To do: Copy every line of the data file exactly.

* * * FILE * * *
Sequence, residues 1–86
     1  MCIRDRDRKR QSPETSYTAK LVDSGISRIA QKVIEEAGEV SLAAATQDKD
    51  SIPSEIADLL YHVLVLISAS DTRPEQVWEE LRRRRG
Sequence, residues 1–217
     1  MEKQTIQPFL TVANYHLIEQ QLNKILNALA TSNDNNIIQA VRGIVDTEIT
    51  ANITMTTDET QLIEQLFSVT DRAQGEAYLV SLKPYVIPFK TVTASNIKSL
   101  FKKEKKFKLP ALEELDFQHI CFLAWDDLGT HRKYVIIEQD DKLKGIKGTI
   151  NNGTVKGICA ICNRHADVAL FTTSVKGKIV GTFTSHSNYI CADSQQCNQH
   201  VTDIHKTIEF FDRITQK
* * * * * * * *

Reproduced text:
Sequence, residues 1–86
     1  MCIRDRDRKR QSPETSYTAK LVDSGISRIA QKVIEEAGEV SLAAATQDKD
    51  SIPSEIADLL YHVLVLISAS DTRPEQVWEE LRRRRG
Sequence, residues 1–217
     1  MEKQTIQPFL TVANYHLIEQ QLNKILNALA TSNDNNIIQA VRGIVDTEIT
    51  ANITMTTDET QLIEQLFSVT DRAQGEAYLV SLKPYVIPFK TVTASNIKSL
   101  FKKEKKFKLP ALEELDFQHI CFLAWDDLGT HRKYVIIEQD DKLKGIKGTI
   151  NNGTVKGICA ICNRHADVAL FTTSVKGKIV GTFTSHSNYI CADSQQCNQH
   201  VTDIHKTIEF FDRITQK